The Wayward Pigeon has made it home.
Now it’s Hamiltonians’ turn to make a break for freedom to the Lawrenson Group’s biggest and most stylish bar venture yet – the Wayward Pigeon Brew Bar and Kitchen in suburban north Hamilton.
For group owner John Lawrenson, The Wayward Pigeon on the corner of Wairere Drive and Gordonton Road is his best bar achievement yet – and with 16 hospitality venues now to his name, the 39 year old entrepreneur-businessman should know.
The Wayward Pigeon, named in honour of the racing pigeons that were the passion of a local farmer but kept going missing-in-action – history suggests into a neighbour’s pies – is Lawrenson Group’s second foray into suburban hospitality since the tightening of drink-driving laws made people leery of travelling to inner-city social venues.
The first, the Roaming Giant at Claudelands, named for a circus elephant which once escaped into the local bush, has been a magnet for locals says John, and he’s confident the architectural appeal and good-looking, cosmopolitan interior design of The Wayward Pigeon will also prove a winner.
While North Hamilton residents have been watching The Wayward Pigeon rise over the past five months, behind the scenes John was steadily extending its proportions from the original plan for 300sqm, to 800sqm. And he’s spared no expense on interior fit-out – one of his “Big 3” essentials for making a hospitality venue a success, along with menu and staff.
The joinery alone in the ever-so-slightly Scandinavian-look interior cost more than $300,000, he says, while the kitchen didn’t leave any change out of an even bigger investment.
Quirks that emerged in the Roaming Giant’s functional design have been avoided, and for John the two-storied Wayward Pigeon, complete with an upstairs private function area and outdoor seating, is the most functional bar venue in Hamilton.
The suburban gastro bar’s combination of inviting atmosphere, innovative and reasonably-priced menus and location in Hamilton’s fastest growing residential area is set to make it the locals’ favourite “local”.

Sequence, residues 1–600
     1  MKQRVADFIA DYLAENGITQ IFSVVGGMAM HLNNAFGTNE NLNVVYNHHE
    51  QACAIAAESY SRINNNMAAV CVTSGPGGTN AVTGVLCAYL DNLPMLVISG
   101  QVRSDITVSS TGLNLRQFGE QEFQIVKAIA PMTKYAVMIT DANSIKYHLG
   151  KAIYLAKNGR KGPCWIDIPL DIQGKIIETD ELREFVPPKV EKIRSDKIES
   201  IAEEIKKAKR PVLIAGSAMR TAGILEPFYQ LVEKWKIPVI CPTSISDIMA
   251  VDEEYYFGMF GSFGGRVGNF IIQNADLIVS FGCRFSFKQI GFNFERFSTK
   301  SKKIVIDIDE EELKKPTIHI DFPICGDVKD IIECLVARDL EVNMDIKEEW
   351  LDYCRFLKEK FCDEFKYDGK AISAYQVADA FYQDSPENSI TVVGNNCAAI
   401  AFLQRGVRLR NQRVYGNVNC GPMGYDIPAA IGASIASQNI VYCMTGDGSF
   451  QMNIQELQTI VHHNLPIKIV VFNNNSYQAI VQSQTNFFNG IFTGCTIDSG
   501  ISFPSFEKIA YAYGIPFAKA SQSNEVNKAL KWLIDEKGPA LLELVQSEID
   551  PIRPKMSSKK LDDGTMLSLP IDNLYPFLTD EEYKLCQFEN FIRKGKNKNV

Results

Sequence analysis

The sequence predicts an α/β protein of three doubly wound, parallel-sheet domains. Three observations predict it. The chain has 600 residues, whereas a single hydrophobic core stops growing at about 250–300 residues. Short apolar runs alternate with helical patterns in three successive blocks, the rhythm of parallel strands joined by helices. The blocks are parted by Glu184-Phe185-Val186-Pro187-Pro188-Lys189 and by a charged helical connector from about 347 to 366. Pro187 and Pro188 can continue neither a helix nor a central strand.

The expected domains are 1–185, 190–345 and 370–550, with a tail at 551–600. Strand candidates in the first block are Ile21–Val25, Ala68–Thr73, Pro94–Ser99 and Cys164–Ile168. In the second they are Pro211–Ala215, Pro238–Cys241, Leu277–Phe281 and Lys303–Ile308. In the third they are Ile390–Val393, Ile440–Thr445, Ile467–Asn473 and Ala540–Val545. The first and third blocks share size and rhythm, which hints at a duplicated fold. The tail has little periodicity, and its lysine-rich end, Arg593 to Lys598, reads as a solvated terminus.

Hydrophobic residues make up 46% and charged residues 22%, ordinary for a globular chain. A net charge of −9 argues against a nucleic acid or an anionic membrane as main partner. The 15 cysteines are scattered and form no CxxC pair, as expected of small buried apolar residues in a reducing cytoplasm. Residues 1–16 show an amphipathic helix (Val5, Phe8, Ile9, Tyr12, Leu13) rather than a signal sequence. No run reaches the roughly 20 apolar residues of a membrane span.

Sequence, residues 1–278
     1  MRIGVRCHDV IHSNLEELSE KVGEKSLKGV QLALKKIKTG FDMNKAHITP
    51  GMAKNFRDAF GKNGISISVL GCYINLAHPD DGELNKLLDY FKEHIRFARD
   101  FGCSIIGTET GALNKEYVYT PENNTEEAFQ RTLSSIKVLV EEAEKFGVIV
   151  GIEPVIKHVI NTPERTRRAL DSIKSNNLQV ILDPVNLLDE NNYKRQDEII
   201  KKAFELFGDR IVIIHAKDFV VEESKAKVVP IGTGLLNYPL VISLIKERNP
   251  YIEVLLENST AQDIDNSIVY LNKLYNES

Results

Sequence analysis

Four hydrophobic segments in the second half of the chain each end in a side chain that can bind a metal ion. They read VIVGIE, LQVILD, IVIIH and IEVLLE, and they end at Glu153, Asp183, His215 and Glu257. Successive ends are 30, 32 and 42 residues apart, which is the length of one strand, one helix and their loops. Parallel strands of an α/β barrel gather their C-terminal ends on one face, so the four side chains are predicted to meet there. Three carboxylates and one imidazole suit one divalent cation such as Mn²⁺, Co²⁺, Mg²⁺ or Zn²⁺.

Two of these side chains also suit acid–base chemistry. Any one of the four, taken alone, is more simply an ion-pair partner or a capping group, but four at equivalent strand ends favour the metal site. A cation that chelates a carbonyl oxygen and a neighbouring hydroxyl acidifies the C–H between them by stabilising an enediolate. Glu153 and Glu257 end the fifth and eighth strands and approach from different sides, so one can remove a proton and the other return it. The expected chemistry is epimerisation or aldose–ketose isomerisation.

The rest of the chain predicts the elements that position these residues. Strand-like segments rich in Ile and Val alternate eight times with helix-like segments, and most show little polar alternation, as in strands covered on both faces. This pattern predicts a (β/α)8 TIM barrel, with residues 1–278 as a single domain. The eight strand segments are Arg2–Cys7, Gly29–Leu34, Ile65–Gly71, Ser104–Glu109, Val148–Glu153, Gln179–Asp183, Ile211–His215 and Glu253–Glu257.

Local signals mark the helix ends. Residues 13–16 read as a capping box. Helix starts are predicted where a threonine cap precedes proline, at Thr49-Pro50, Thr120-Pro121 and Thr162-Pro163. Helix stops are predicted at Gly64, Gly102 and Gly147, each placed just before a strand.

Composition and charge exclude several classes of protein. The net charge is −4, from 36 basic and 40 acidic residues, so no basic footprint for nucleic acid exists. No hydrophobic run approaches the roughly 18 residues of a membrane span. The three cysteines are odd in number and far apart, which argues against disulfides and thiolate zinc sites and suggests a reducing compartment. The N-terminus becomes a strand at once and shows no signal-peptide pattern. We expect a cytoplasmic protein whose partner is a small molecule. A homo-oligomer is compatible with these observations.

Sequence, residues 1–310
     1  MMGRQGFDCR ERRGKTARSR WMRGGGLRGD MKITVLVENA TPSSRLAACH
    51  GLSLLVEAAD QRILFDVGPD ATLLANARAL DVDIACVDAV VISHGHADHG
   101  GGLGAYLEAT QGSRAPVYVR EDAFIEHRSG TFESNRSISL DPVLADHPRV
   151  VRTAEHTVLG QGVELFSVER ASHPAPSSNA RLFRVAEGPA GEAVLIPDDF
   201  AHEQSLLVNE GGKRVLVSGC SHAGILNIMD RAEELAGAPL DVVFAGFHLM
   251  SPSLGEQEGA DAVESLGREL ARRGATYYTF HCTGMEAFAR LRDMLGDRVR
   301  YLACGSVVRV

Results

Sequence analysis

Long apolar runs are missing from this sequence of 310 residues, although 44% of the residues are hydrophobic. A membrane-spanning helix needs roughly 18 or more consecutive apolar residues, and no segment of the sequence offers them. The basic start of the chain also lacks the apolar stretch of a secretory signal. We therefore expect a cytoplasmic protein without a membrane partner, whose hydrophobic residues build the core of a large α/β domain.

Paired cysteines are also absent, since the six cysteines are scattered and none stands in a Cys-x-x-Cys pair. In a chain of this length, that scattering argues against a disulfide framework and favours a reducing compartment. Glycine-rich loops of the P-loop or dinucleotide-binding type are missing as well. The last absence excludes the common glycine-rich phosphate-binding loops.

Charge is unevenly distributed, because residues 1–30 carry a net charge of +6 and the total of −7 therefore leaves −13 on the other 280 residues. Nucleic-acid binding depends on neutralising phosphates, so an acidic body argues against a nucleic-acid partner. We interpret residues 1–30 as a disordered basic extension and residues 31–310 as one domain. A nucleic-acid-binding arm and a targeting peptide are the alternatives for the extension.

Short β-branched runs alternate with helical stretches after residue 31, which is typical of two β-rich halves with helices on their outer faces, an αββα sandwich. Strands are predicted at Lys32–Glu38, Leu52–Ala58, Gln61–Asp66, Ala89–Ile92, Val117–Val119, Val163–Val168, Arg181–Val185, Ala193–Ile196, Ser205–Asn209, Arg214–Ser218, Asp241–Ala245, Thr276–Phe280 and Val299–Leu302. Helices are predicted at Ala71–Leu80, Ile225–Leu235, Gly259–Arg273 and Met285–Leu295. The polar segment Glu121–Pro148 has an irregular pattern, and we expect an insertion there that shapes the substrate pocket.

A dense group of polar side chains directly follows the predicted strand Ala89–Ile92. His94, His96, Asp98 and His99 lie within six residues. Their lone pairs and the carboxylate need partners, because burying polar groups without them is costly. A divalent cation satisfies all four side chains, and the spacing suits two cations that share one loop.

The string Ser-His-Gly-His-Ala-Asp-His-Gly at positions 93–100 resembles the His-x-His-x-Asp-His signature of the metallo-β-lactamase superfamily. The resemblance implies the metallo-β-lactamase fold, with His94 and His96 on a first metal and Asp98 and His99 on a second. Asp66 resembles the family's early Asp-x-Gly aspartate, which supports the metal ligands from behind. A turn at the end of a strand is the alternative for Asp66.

But a clever marketing campaign playing on its name spurred strong public interest in The Wayward Pigeon long before its doors opened.
An interactive social media campaign featuring a “wayward” pigeon photo-shopped resting at Waikato and overseas landmarks as it tried to find its way home was a huge success, says John.
Inviting Facebook punters to pinpoint the pigeon’s stopover spots on its epic journey home in the lead up to opening day drew tens of thousands of views and thousands of interactions, he says, making people feel connected to The Wayward Pigeon even before the big day.
And because pigeons aren’t alone in wanting to make a dash for freedom now and then, “Make a break” was incorporated into the new bar’s branding to suggest it’s a great place to enjoy some freedom from the daily grind.
The Lawrenson team’s ode to pigeons doesn’t stop with the name.
After research revealed these humble birds have a long and noble history of valour in war and crisis as messengers, with some even being honoured, it was decided they deserved further recognition.
That’s been awarded in some menu offerings, notably the gourmet range of pizzas, which are named in honour of history’s most famous pigeons, including the first homing pigeon to win a race in New Zealand. Staff have swotted up all the avian histories to share with curious guests.
The Wayward Pigeon is open seven days a week and has created 40, mostly fulltime, jobs, taking the Lawrenson Group’s annual payroll to more than $11 million for around 380 full and part time staff.
John expects it will host up to 500 customers on a Saturday, and serve around 200 diners on an average week night. (The Roaming Giant did about 800 meals on Father’s Day.)
The upstairs function room was well-booked before opening day on October 20, reflecting strong demand from the city for function space.
There are 175 car parks in the precinct serving the suburban gastro bar, most of which will be available to The Wayward Pigeon’s guests in the evenings.
The Lawrenson Group is one of New Zealand’s largest bar and restaurant companies.
The Wayward Pigeon has been on its planning radar for four years.
The group’s 16 establishments are mostly in Hamilton’s CBD and range from award-winning fine dining and bistro restaurants and after-work drinking venues to the city’s biggest and most popular nightclubs.
Its brand outlets include the Victoria St Bistro, Keystone, Bluestone Steakhouse, The Bank, House on Hood, Shenaningans Irish Pub, Bar 101, The Outback, and the Easy Tiger cocktail lounge.
The group also has a bar and nightclub in Auckland and will open its first bar in Christchurch next year.
The first Hamilton bar and restaurant opened by the Lawrenson company was Furnace in 2007.
Then followed the group’s most rapid growth period until 2011 when nine bars had been opened.
John recalls on arriving in Hamilton in 2007 from the bustling Dunedin hospitality scene he found the city a “barren wasteland of hospitality nothingness”.
He largely credits his success to the calibre of his support staff over 10 years in the Hamilton hospitality industry.
“One of the things about being an entrepreneur is that you have to be able to draw people into dream and get them to share it, to see it. You’re never going to do it by yourself.”